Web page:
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Bicep Tendonitis Overview

by Jaydee Vykoukal, PT, DPT May 28, 2020 0 Comments

Bicep tendonitis pain can range from mild to severe depending on the nature of the injury and can be accompanied by inflammation. As the injury progresses it can lead to poor quality of life and trouble completing normal daily activities. This can occur on either side of the bicep: in the forearm or, more commonly, in the shoulder. Keep reading to learn more about bicep tendonitis.

What is Bicep Tendonitis?

Bicep tendonitis develops when the tendons connecting to the bicep muscle become inflamed. The bicep is located on the front of the upper arm and is used to flex the elbow and provide shoulder stability. The muscle splits into two different sections at the top of the arm, known as the long head and short head. The long head bicep tendon attaches directly into the shoulder socket (near the top), while the short head tendon attaches to a bony process in the shoulder blade called the coracoid. The long head bicep tendon is the most common area to be affected by inflammation associated with bicep tendonitis. 

Causes of Bicep Tendonitis

Like most cases of tendonitis, the primary cause is typically related to overuse. However, there are other mechanisms of injury that may occur as well. These include:

  • Repetitive arm use that gradually strains the bicep
  • Continuous overhead motions, especially if it is weighted
  • Chronic shoulder instability that requires the muscles to work extra hard to protect the joints from injury
  • A direct blow to the shoulder
  • A fall that required you to catch yourself with your hand

Risk Factors

There are many different risk factors that can contribute to biceps tendonitis. These include:

  • Sports involving a lot of overhead or general upper arm movement and strength including swimming, tennis, volleyball, basketball, baseball, and skiing
  • Arthritic changes in the shoulder, typically from years of overuse
  • Previous shoulder injuries that put the shoulder at a biomechanical disadvantage, such as a dislocation or a rotator cuff or SLAP (bicep) tear 
  • Age-related changes to tissue health
  • Inflammatory diseases that increase the risk of injury and result in poor healing

Bicep Tendonitis Symptoms

Symptoms can vary based on which tendon is affected. Generally, symptoms include:

  • Pain in the front of the shoulder
  • Weakness of the bicep
  • Pain with overhead use of the arm
  • Tenderness directly at the anterior (front) humeral head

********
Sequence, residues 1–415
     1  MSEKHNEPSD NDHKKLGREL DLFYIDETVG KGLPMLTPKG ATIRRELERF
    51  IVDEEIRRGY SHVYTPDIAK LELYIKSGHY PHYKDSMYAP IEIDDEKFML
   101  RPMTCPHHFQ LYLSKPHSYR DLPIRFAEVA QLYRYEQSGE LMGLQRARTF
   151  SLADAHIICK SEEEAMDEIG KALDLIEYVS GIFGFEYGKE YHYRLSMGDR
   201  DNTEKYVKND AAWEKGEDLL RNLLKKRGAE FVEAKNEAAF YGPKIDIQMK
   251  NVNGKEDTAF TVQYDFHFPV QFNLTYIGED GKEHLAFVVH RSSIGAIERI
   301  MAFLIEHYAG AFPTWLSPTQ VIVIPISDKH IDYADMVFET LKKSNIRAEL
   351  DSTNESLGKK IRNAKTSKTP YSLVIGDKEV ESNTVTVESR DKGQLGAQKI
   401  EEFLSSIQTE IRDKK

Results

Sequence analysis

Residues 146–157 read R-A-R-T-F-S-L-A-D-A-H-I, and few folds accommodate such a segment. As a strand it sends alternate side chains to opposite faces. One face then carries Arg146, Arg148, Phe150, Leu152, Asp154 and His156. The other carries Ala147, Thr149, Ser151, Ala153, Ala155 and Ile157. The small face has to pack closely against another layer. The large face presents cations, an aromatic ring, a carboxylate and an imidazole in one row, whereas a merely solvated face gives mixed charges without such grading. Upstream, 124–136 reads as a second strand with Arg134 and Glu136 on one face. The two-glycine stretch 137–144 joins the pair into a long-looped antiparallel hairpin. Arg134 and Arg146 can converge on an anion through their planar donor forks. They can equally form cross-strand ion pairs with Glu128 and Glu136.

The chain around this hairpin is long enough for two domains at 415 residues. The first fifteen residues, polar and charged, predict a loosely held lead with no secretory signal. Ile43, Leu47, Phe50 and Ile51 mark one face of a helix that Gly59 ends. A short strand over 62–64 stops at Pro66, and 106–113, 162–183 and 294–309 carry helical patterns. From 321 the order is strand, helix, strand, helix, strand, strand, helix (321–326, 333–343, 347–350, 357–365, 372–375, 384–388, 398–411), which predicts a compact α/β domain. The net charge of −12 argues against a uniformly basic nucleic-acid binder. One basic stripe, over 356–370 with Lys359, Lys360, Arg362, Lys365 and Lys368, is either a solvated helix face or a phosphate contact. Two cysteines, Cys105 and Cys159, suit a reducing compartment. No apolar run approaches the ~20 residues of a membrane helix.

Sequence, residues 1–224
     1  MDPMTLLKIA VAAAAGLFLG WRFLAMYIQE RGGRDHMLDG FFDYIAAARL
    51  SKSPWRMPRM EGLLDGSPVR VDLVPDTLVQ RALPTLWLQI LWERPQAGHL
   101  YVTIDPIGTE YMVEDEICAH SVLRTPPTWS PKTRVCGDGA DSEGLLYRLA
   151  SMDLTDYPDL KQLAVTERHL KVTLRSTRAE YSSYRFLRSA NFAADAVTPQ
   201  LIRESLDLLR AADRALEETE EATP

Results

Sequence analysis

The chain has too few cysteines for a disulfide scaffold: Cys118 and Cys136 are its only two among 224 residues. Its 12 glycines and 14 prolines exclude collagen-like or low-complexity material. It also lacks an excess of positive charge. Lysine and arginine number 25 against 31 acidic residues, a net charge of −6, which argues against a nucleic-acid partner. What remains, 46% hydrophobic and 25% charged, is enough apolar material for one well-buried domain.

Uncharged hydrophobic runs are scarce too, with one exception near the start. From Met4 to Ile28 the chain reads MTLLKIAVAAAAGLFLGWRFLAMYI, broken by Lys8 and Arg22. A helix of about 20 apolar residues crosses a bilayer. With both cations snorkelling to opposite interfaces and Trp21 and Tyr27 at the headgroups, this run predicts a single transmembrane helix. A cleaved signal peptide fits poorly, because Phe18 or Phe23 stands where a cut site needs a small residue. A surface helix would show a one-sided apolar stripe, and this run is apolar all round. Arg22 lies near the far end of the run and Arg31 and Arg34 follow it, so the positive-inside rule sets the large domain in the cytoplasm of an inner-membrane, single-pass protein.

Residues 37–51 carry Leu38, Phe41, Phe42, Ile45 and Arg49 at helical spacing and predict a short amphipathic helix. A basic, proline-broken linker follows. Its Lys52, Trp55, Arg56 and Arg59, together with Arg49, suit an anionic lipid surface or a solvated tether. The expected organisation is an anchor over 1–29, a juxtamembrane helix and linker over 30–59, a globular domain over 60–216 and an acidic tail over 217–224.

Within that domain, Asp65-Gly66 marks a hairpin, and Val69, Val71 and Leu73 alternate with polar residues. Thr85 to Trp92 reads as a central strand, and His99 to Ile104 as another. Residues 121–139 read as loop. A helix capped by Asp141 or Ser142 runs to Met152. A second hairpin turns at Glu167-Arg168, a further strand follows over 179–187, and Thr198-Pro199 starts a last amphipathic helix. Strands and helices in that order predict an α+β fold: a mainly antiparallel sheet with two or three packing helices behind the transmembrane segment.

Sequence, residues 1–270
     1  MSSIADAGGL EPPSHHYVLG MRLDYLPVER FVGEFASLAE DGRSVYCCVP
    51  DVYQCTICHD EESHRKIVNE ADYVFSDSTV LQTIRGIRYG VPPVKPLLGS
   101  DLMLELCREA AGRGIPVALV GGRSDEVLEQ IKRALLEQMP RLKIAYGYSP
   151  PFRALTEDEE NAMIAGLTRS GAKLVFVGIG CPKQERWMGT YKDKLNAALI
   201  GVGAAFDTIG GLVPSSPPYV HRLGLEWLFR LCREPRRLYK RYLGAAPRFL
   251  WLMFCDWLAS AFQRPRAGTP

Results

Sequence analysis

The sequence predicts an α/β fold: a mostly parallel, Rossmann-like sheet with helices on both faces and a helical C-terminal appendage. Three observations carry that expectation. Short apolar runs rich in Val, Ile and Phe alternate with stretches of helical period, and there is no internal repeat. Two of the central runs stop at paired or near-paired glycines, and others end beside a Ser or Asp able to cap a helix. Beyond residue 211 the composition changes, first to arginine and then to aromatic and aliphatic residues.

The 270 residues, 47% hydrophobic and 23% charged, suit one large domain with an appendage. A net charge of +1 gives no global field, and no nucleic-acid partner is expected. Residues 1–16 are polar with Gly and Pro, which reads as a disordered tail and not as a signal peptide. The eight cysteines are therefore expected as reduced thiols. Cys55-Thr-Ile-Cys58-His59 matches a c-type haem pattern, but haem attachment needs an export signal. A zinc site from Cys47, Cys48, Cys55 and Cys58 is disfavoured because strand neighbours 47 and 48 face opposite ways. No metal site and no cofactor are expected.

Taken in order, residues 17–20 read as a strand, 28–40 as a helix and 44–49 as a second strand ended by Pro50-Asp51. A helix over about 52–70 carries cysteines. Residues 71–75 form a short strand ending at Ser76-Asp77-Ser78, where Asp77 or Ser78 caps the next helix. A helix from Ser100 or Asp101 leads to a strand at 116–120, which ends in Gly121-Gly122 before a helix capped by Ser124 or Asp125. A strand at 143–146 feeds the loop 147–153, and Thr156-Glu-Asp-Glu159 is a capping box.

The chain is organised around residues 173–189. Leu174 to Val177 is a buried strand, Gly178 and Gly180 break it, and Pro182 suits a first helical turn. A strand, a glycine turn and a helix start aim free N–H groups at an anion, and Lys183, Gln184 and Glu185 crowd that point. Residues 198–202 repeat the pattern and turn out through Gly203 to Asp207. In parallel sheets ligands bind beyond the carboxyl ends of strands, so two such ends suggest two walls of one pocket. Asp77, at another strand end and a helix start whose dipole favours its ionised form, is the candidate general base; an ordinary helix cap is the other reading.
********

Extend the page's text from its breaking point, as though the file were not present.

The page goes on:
• Redness and swelling in the anterior shoulder
  • A snapping sensation in the shoulder with specific aggravating moves (usually overhead reaching or a sudden move)


Traditionally, an in-depth exam can diagnose bicep tendonitis without the need for imaging. Assessment typically includes an in-depth history, strength, range of motion, special tests, and a full pain assessment.

If there is any concern about a potential tear or another injury at the shoulder, imaging may be used. An x-ray can rule out any potential bony injuries like fractures or arthritis. Alternatively, an MRI is a better option for assessing the overall tissue quality of the shoulder muscles and tendons.

Bicep Tendonitis Treatment & Recovery

Treatment for bicep tendonitis varies with severity. It is always best to start conservatively with options like rest, pain medication, an exercise program, massage, and modalities to promote healing. If you are comfortable, a lot of these can be initiated at home. Otherwise, professional guidance from your physician or physical therapist can help expedite the recovery process. Lastly, more invasive options like injections and even surgery can be utilized as needed.

Find a Selection of Exercises for Bicep Tendonitis Here.

Recovery time also depends on the severity of the injury and whether conservative or invasive treatment was needed. Tendonitis injuries typically take more time for recovery than a more acute injury because the symptoms come on slowly with years of overuse. For conservative treatment, you can expect to recover within 6-12 weeks. For surgical recovery, expect 12+ weeks to full recovery.

Managing Bicep Tendonitis

Now that you have a general understanding of bicep tendonitis, you should know what your next step is in managing your symptoms. With the right education, diagnosis, and recovery program in place, you can get back on track with normal life in less time.






Jaydee Vykoukal, PT, DPT
Jaydee Vykoukal, PT, DPT

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